Lisa

Creating a pollinator garden

Since starting my beekeeping journey four years ago, I’ve become much more aware of nature generally and pollinators in particular.

We also moved to Shedfield eighteen months ago and I am now fortunate to have a much bigger garden than the patio-style one we had before. It is an older property with an established garden and a variety of mature trees and shrubs and, as it hadn’t been maintained for sometime, there are also patches of overgrown vegetation and other ‘natural’ areas which we are very happy to keep for the benefit of the local wildlife.

I wanted to enhance what was already there and set about planting-up wildflower areas. I have some previous experience of starting wildflowers but with mixed results. In the past, I followed the instructions and prepared the ground as suggested and scattered the seeds as instructed on the box. All too often, the flowers failed to take and I was disappointed. So this time, I planted the seeds in trays and started them in the greenhouse before planting out the seedlings. This was very successful and of course, now they are established, the flowers will self seed. If you have some spare greenhouse capacity and want to grow some wildflowers, I thoroughly recommend starting them in this way.

The next thing I did was create a rockery. At the time of writing (December 2020) it doesn’t look much but the mixture of heathers, herbs and succulents proved incredibly popular with bees, butterflies and other pollinators during the summer. I’m looking forward to the rockery maturing as, being next to the patio, it provides an excellent opportunity to watch the girls working while I’m having my morning coffee!

I also have a dream of creating a double Lavender hedge to run alongside a new path we’re laying down the length of the garden. The path will be approximately thirty metres long and therefore needs a lot of Lavender plants. To save money, I’ve been buying small plants when I see them reduced or on special offer and planting up small sections along the path. I did take a picture to show you but at this time of year, it just looked like a badly-kept lawn!

I have also stopped using chemicals in the garden. In the past, I just didn’t think about the harmful effects that pesticides and even things like lawn feed have on our beneficial insects and other wildlife. I now use coffee grounds , liberally spread, around the base of my vegetables to ward off snails and slugs. Before lockdown, I would go into Costa and other coffee shops where the staff are all too happy to offload the grounds from the shop. Since lockdown, I’ve just had to drink a lot more coffee at home to keep supplies going! I’ve also found washing the shoots of my roses and beans with soapy water has proved just as effective as sprays against greenfly.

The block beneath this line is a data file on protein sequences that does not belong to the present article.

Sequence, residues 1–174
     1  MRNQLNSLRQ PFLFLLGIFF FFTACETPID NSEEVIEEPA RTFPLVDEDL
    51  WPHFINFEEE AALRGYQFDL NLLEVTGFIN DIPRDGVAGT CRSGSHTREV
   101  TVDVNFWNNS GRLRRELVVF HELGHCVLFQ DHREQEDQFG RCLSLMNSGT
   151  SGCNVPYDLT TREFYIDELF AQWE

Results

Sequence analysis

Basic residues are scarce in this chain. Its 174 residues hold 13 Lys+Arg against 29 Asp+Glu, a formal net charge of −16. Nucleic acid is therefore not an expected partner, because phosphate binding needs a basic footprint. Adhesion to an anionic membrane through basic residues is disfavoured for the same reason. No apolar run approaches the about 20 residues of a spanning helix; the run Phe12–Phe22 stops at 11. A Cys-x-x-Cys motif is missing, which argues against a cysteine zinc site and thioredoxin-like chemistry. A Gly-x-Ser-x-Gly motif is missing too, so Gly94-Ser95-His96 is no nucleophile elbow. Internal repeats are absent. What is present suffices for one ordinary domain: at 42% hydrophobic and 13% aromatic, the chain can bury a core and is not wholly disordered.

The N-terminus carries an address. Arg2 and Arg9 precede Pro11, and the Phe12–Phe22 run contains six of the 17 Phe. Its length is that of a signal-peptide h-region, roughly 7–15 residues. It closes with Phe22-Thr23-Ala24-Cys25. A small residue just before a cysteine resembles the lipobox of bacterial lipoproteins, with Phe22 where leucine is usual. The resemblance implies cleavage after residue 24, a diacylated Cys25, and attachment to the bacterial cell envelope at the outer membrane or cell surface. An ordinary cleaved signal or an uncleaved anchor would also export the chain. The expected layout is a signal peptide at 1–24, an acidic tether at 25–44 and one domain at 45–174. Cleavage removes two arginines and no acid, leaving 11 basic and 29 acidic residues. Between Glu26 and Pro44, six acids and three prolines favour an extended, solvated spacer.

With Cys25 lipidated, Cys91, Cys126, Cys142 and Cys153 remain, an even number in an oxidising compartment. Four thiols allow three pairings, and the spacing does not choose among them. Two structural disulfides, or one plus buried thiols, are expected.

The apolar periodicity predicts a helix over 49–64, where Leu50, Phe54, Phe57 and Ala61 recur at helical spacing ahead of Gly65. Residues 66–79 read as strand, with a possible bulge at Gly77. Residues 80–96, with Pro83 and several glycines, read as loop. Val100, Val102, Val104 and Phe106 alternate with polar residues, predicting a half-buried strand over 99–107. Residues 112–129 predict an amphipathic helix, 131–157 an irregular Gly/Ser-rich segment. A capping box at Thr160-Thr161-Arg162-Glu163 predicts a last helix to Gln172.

Our neighbours Chris and Ian gave me this wonderful gift for Christmas. It contains little clay pellets, each containing a variety of wildflower seeds. The pellets help keep the seeds moist whilst they germinate which makes starting them easier. This wonderful gift came with a comprehensive list of meadow flowers which I share with you here. I’ve also provided some more detailed information on some of my favourite varieties.

  • Common Knapweed
  • Wild Carrot
  • Lady Bedstraw
  • Rough Hawkbit
  • Oxeye Daisy
  • Ribwort Plantain
  • Corn Marigold
  • Common Sorrel
  • Salad Burnet
  • White Campion
  • Corn Chamomile

Yarrow

Yarrow is one of the most common forage plants for Honeybees. The flowers are great landing pads and all types of bee find them very attractive.

Yellow Rattle

When the flowers are over, the seed pods rattle giving the plant its name. Yellow Rattle is an annual plant and thrives in the long grasses of the meadow. It feeds from the same nutrients the grasses need thereby weakening them slightly allowing more delicate, meadow species to push through.

Cowslip

Cowslip is an early source of nectar for bees and butterflies.

‘Cowslip’ is actually a Mispronunciation of ‘cow slop’, named because the flowers are associated with cow pats in meadows. The plant was traditionally used to treat sleeping problems and coughs. The Spanish sometimes use the leaves in cooking and they have a slightly citrus flavour. The flowers are also used to flavour English wine.

Self heal

The flowers appear on purple, sometimes pinkish, spikes but the herb is actually a member of mint family.

It’s a great favourite with all types of bees and as it’s name suggests, the plant has long been used in herbal medicine to stop bleeding, treating heart disease and sore throats.